I admit it, I’ve been on the internet for quite a while (I could tell you that my ICQ number is 95941970, but I haven’t logged in for years) and my habits haven’t changed. I still regularly get technology news from slashdot, and today was no exception. An interesting article was Here Be Dragons: The 7 most vexing problems in programming. Without wanting to spoil the article for you by giving away the punchline, there are indeed some frustratingly difficult problems mentioned: multithreading, security, encryption are among the list.
All of these problems are sideshows to what I see as one of the largest and most vexing issues in programming: the fundamental rule to business administration is that your income should be greater than your costs, but software makers still, by and large, don’t have a way to compare the expected value of their work to the expected cost of the work.
The problem in space
Different software teams – and individuals – do work in different contexts, and in different ways. The lone wolf micro-ISV is not the same as an individual contract developer. The in-house IT team does not have the same problems to solve as the shrinkwrapped software vendor, and those developing web services for public consumption have yet another context. The team with core hours all working in a single office is different from the distributed team inhabiting multiple time zones.
How much of this variety is essential, and how much is accidental? How much of it is relevant, when considering some intervention, process change, or technique? Consultants speaking at conferences (another context with its own similarities and differences from the others) don’t tend to talk about what researchers in fields such as psychology would recognise as “threats to validity” of their work, but given all of the ways in which software is made, we need to know whether some proposal applies to all of them, or to some of them, or whether it has been applied to some of them and might be applied to others, and what would assist or confound that application.
The problem in time
What are the accepted, tested and validated ways to identify who will be using and otherwise impacted by our software systems? To know whether they can use the system we propose, and whether it is the best system for their intended use? To ensure that our proposed software systems treat those people ethically? To understand the cost (to ourselves and to others) of constructing those systems? To deliver the systems to the people who will interact with them? To choose which people are or aren’t entitled to access? To build a representation of the problem to be solved, to validate that representation, to validate the solution against that representation?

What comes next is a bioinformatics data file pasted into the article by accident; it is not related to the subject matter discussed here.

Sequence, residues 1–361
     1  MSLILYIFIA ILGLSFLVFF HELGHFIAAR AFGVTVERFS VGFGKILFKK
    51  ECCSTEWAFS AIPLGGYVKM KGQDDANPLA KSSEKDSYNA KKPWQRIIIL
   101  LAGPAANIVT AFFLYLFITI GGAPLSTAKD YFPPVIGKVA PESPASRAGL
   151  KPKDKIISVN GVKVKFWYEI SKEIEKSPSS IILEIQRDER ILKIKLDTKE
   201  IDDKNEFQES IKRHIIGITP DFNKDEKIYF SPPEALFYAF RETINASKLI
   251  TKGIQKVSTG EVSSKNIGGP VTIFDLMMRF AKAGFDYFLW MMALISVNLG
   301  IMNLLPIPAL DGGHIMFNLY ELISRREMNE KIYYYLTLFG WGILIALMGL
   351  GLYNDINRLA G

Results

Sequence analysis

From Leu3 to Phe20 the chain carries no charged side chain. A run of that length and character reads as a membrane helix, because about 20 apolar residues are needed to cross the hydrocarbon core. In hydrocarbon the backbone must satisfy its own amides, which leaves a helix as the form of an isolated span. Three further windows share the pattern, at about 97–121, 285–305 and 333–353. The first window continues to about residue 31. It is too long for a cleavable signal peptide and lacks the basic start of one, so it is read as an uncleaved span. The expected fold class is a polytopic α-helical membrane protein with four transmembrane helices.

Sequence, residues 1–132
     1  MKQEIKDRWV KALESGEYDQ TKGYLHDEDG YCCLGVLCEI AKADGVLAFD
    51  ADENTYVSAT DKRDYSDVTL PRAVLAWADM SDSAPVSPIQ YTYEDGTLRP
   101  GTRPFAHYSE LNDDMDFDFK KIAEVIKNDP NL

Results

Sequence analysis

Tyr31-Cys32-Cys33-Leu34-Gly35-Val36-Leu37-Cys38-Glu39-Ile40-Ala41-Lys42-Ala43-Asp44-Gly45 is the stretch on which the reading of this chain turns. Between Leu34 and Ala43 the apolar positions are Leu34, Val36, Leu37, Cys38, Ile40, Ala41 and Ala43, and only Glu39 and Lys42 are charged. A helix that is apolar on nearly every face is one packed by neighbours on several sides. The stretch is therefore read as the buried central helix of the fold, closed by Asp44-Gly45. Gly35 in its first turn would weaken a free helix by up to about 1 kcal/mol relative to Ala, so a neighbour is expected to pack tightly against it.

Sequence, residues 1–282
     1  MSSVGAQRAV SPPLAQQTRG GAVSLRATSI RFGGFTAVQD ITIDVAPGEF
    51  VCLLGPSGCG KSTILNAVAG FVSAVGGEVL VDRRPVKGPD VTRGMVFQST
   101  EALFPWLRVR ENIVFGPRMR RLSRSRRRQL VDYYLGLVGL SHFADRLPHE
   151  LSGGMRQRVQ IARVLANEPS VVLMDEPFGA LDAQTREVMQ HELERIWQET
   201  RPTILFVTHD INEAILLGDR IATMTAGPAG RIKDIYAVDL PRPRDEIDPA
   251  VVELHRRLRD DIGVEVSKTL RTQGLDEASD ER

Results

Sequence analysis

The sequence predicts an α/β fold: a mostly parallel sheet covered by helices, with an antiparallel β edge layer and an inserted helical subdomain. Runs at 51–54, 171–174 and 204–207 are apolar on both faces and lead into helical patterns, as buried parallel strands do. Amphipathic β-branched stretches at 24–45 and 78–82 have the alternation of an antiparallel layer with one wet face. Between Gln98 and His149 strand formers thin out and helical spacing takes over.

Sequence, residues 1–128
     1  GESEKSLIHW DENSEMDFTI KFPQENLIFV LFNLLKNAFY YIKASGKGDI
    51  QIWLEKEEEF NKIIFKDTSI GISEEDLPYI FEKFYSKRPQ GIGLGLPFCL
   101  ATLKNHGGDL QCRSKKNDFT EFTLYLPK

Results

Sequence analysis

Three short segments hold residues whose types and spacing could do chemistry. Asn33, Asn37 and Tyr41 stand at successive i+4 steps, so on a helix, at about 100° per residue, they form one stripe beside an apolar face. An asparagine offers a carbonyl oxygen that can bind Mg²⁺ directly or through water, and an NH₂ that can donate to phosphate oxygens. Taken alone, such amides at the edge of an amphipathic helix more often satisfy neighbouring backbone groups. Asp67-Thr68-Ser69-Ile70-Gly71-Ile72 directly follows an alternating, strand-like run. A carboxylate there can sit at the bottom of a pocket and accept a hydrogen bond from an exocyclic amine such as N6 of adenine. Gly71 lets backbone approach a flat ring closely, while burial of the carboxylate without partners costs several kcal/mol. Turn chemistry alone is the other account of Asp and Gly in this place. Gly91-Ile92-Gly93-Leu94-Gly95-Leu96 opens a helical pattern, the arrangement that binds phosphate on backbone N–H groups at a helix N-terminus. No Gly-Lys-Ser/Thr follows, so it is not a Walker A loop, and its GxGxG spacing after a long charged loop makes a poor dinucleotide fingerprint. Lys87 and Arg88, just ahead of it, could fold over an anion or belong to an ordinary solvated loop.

Where an answer exists to those questions, what are the contexts in which it is valid and what are the threats to its validity? How has that answer been compared with other possibilities? How has it been confirmed? How has it been challenged? How can I find out about those confirmations and challenges? How can I find out about any alternatives? What techniques exist to weigh up those alternatives quantitively, rather than relying merely on the persuasiveness of the conference speakers promoting those solutions (and, by the way, the books/screencasts that describe the solutions)?
The lack of a problem
Why should I care? There’s enough money in software at the moment to mean that I don’t need to be any good at knowing what works or doesn’t work, I just need to get out there and sell some software. In the rare situation that I don’t make my money back, that’s just the market forces at work, and I can go and get a high-paying job somewhere while I lick my wounds, and pick another programming language/framework/platform/whatever it is that’s going to make my next attempt definitely succeed.
Clearly, this bottomless pit of money that arises from society’s unwavering faith in software and its ability to cure all ills is never going to run out. There’s no need to worry ever about whether we’re doing it right, because there’ll always be someone out there willing to pay for us to do it wrong. Life as a programmer is like some kind of socialist utopia where whether we’re making a valuable contribution or not, the rest of society is looking out for us.
That’s going to last forever, right?